Here's the thing about directing our attention so fully and passionately toward bullying: The people most affected by it are sick of talking about it.
"Kids are at the eye-rolling stage with bullying," says Cynthia Lowen, producer and writer of the 2011 documentary "Bully." "They're so inundated with messages from the media and school and this huge explosion of awareness over the last few years that it's like, 'Ugh, bullying.'"
This is particularly common during the teen years.
"Teenagers think bullying is something that happens in elementary school," Lowen says. "They think of it as something they've outgrown."
But the numbers indicate the problem continues to plague kids. Thirteen million children are bullied each year in the U.S., and 3 million stay home from school because they feel unsafe, the U.S. Department of Education reports. Kids ages 10 to 17 are more than twice as likely to have suicidal thoughts if they've been bullied in the past year, says a recent study in the Archives of Pediatric and Adolescent Medicine.
The increasing prevalence of social media and technology in teens' lives means bullying is a round-the-clock scourge. No longer do schoolmates' taunts and threats end when a child enters the confines of home. Twenty-four percent of adolescents ages 10 to 18 have experienced a form of cyberbullying, according to the Cyberbullying Research Center (cyberbullying.us), a Web-based clearinghouse for research and resources on cyberbullying.
The solution, of course, is not to stop the conversations. But it may be time to change them.
Experts in the fields of education, psychology and parenting offer five ways to adjust our approach to bullying.
Stop calling it "bullying." Renowned parenting educator Rosalind Wiseman, author of "Queen Bees and Wannabes: Helping Your Daughter Survive Cliques, Gossip, Boyfriends and Other Realities of Adolescence" (Three Rivers Press), knows the fatigue surrounding the word. "They're so sick of talking about bullying," she says. "My son is like, 'Mom, I got it. We had an assembly last week. I got it.'"
Many adolescents, Lowen notes in "The Essential Guide to Bullying: Prevention and Intervention" (Alpha), which she co-wrote with psychotherapist Cindy Miller, dismiss bullying and harmful teasing as "drama."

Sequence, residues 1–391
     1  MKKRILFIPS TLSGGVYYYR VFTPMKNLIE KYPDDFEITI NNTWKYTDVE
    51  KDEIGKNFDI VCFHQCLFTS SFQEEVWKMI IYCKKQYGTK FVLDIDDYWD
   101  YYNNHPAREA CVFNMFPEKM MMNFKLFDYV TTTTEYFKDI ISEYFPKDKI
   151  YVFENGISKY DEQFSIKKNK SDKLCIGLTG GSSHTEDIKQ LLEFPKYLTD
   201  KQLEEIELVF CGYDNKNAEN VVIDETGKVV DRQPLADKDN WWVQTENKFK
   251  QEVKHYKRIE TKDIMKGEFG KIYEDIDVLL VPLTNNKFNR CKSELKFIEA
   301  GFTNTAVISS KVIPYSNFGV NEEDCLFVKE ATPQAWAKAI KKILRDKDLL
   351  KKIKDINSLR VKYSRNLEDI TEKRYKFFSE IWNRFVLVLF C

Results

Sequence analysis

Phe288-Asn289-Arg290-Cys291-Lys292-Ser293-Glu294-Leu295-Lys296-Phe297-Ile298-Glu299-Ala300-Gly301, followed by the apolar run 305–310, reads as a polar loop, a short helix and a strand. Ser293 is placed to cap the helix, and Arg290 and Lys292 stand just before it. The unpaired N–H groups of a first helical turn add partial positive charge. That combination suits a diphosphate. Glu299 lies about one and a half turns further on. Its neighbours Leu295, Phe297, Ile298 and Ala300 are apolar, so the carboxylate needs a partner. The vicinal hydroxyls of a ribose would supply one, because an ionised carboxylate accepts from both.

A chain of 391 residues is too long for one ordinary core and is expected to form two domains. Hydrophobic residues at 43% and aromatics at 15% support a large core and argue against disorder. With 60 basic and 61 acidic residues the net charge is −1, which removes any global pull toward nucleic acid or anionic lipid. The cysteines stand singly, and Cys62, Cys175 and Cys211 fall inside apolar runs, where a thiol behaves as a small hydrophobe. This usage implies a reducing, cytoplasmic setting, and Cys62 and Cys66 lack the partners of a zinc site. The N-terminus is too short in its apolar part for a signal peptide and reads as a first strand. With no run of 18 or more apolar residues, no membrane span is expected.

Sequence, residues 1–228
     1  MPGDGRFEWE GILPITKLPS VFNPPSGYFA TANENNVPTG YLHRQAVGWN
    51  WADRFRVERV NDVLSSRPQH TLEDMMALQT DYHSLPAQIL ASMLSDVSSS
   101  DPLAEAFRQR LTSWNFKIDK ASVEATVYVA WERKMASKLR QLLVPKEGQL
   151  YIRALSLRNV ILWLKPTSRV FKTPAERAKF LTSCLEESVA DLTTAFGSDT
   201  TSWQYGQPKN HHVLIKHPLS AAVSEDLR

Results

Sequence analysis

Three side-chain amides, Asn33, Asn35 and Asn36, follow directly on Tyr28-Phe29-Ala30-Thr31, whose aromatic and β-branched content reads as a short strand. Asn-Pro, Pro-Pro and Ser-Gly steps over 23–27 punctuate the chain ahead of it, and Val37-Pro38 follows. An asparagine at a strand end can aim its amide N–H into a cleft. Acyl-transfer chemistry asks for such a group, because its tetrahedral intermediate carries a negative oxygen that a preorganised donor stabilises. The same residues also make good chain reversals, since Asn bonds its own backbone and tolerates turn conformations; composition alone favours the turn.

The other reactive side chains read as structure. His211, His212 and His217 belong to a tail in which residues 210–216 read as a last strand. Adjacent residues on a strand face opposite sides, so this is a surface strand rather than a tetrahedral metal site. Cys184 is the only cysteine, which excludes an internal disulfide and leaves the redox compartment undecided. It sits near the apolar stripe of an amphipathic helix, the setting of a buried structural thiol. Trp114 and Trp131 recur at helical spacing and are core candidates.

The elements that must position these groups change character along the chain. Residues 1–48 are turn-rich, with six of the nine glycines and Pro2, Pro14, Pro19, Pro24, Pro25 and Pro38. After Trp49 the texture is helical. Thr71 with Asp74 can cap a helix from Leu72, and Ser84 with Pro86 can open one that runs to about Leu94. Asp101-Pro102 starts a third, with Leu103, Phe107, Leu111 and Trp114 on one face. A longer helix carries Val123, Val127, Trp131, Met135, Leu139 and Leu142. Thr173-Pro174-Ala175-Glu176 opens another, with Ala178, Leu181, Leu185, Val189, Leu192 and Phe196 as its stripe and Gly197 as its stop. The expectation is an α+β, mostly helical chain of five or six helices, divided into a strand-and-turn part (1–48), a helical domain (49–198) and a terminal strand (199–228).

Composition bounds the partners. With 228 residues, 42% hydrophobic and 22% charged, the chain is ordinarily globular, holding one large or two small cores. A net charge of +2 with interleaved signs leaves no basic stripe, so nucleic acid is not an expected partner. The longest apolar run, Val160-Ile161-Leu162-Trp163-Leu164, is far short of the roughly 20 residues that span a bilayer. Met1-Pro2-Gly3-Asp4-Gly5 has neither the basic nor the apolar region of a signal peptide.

"If you go to a school and ask, 'How many of you have been bullied?' nobody will raise their hand," Lowen says. "When you start breaking it down by behaviors: Raise your hand if someone has spread rumors about you. Raise your hand if you've watched someone being ostracized in the last week. Raise your hand if someone has called you a (derogatory name) this week. Many hands will shoot up."
Get creative to get kids talking. "Hey, how are things going on the team, morale-wise?" Lowen suggests. "Do kids sit in cliques during lunch at your school?"
"You want to pose more neutral questions that start a conversation," she says, "rather than asking specifically about the big label of bullying."
Don't assume they'll tell you they're being bullied. "If you ask your teenager if things are going OK at school, there's a good chance he or she will tell you things are fine," says Carrie Goldman, author of "Bullied: What Every Parent, Teacher and Kid Needs to Know About Ending the Cycle of Fear" (HarperOne). "It's easy to miss things until they blow up in your face."
Teens, already loathe to exchange a lot of extra words with parents, also want to save face.
"For most older kids it's very humiliating to tell their parents," says clinical psychologist Peter Sheras, author of "Your Child: Bully or Victim? Understanding and Ending School Yard Tyranny" (Fireside). "They feel like they're a dork or a disappointment or even a burden — 'Now my dad is going to have to take time off work and come to school to deal with this. My mom is so busy. She doesn't have time for this.' So they just don't say anything."
Many will choose to live alone with the pain or try to alleviate it in harmful ways.
"The teenagers I spoke to told me some of their tricks to mask the pain: Every night they skim a half-ounce off the bottles in the liquor cabinet. They hit their parents' Xanax. They're cutting, and wearing long sleeves to hide it," says Goldman. "If you suspect a problem and your child says, 'No, everything's fine,' it's important to follow your gut and make sure. The kids I spoke to all reached a place of extreme crisis before they spoke up."
If they do tell you, give it the weight it deserves. "A terrible response is, 'Oh, he was just kidding,' or 'Oh, kids are kids,'" says Goldman. "When your kid comes to you with concerns, don't dismiss them. It's only teaching them to be dismissive of other people's feelings."
It also gives the impression they're on their own to deal with the angst.